Writing: Scott Beaton
Illustration: Isi Williams
In the wake of the most controversial elections in recent Brazilian history, Jair Bolsonaro, the so-called “Trump of the Tropics”, has called into question the legitimacy of modern democracy in Brazil and elsewhere. Nearly a hundred years have passed since the establishment of Mussolini’s Fascio di Combattimento, with this year also marking the centenary of Hitler’s entry into the Nazi party. Therefore, the gravity of this presidential choice cannot be avoided, and moreover, it must be confronted if we are to prevent a repetition of the shameful appeasement policy which rendered Britain and France complicit in the slaughter of millions of “undesirables”, caught in the sweeping wave of European fascism.
Recognising the cyclic quality of this form of nationalist, xenophobic, and frankly brutal ideology is key to thwarting its destructive plans. If one acknowledges the striking similarities between the present leadership and regimes gone by, it becomes possible to link them, and then to pre-empt every move, winning the game before it has even truly begun. Less than a month after Bolsonaro was sworn in, the openly-gay politician Jean Wyllys announced that he was leaving Brazil in order to seek refuge from the abuse and death threats that have become all too common in the aftermath of Bolsonaro’s hateful electoral campaign. This policy of homophobia and state-sanctioned discrimination harks back to the time of a ‘gay island’ in Italy for homosexual prisoners, or the infamous pink triangles of Dachau, Buchenwald, and other concentration camps. Enough. In his domestic policy, Bolsonaro’s ideas serve only to revive the painful authoritarian rule of many a militant dictator.
One chilling quote from 2008 presents his threatening character most astutely: “The only mistake of the dictatorship (1964-85) was torturing and not killing.” These words sing the same deadly song as Hitler’s anti-Semitic call to arms, “We are going to destroy the Jews,” or the racial attacks against Mexican immigrants found in Trump’s nauseating speeches: “They’re bringing drugs. They’re bringing crime. They’re rapists.” Enough. While political analysts have barely toyed with the idea that Bolsonaro is a fascist leader, capable of legitimising public violence and of killing his own citizens, it is imperative that we move quickly to change the current dialogue. We need to act in order to stay ahead of Bolsonaro and his hard-handed politics. The current situation in Brazil is dangerous, with the homicide rate increasing by 3% last year, and twice as much for female victims. Additionally, the rate of sexual assaults climbed another 8% - this figure is a testament to the toxic climate of Bolsonaro’s Brazil.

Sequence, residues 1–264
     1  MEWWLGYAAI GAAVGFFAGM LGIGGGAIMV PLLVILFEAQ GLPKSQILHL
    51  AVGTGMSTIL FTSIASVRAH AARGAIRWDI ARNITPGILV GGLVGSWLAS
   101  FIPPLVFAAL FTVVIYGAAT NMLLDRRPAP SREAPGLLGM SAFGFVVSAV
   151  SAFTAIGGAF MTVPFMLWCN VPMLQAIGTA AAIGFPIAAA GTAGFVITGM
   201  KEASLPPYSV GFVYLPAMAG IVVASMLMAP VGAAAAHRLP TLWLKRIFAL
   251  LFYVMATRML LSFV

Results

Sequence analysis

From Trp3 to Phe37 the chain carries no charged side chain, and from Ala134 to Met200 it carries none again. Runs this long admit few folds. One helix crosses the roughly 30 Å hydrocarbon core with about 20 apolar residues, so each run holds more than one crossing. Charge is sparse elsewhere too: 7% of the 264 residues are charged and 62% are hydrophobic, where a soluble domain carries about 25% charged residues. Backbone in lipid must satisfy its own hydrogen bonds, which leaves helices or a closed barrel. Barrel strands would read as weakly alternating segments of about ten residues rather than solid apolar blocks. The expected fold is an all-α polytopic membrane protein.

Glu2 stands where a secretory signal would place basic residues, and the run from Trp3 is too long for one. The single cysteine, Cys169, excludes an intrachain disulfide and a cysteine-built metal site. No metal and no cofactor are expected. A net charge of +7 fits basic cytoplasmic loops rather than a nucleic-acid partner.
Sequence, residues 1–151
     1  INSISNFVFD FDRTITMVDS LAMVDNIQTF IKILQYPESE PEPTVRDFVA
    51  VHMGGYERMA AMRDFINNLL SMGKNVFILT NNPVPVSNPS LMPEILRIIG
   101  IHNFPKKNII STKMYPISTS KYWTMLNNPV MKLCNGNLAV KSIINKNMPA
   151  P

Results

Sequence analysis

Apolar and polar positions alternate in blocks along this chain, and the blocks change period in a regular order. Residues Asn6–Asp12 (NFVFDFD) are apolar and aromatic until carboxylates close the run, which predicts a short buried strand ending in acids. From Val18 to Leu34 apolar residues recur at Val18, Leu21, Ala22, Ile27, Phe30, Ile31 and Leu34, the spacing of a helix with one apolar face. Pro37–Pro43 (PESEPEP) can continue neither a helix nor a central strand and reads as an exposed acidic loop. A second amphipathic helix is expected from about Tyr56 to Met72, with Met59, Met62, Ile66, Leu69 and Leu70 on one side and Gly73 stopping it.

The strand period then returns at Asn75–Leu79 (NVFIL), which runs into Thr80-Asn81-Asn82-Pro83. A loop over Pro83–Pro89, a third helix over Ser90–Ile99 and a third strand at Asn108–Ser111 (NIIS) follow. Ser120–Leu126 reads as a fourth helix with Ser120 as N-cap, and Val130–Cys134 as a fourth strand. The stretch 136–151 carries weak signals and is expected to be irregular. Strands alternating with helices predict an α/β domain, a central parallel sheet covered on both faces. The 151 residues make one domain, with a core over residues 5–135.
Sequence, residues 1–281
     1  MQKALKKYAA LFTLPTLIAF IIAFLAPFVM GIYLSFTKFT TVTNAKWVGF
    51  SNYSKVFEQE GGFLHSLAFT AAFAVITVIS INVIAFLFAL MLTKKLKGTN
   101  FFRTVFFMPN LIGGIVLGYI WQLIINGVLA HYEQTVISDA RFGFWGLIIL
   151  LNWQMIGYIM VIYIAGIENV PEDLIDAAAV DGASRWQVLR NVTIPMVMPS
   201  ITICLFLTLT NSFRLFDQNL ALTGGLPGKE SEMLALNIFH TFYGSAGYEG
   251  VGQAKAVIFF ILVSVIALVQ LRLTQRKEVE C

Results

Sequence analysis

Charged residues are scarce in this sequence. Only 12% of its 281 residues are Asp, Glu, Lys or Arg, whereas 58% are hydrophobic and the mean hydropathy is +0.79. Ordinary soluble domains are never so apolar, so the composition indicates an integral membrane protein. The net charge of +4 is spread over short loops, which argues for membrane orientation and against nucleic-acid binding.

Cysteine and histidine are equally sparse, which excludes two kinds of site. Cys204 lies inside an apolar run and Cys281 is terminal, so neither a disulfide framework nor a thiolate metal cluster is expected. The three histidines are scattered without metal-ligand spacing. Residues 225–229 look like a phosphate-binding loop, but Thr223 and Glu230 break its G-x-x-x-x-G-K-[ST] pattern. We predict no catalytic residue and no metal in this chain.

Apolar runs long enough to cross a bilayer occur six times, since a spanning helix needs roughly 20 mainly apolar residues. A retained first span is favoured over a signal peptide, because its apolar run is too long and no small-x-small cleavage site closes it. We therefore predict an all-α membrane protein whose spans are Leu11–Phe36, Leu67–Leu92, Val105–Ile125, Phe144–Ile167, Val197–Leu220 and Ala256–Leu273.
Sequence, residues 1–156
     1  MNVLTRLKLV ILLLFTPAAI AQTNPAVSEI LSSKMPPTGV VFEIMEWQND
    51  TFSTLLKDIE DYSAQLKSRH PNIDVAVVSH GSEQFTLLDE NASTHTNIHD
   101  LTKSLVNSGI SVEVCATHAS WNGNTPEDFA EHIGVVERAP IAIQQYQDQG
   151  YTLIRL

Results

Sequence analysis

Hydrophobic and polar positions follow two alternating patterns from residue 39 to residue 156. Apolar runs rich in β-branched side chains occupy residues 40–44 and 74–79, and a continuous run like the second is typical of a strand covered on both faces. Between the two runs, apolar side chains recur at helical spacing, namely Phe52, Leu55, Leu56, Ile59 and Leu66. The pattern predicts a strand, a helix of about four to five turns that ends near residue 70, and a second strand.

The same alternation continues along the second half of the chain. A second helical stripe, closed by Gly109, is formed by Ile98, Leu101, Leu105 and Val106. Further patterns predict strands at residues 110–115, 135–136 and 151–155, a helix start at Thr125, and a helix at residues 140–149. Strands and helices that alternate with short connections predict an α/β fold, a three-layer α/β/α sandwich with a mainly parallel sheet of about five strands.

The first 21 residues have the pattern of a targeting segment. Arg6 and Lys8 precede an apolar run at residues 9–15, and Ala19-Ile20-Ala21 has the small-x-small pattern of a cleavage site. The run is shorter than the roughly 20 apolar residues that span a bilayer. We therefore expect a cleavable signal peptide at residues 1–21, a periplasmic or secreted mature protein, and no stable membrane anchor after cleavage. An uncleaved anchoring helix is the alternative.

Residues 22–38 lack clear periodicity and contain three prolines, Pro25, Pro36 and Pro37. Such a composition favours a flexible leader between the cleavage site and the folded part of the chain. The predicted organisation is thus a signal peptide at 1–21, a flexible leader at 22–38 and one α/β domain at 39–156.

Human rights organisations such as Amnesty International have already made their position clear: “His election as Brazil’s president could pose a huge risk to Indigenous Peoples and quilombolas (descendants of Afro-Brazilian slaves), traditional rural communities, LGBTI people, black youth, women, activists and civil society organizations.” The recycling of outdated and murderous ethnocentric political discourse in Brazil is not a tragedy; it is a preventable regeneration of what we have already seen, what we have already fought, and what we have already defeated. Enough.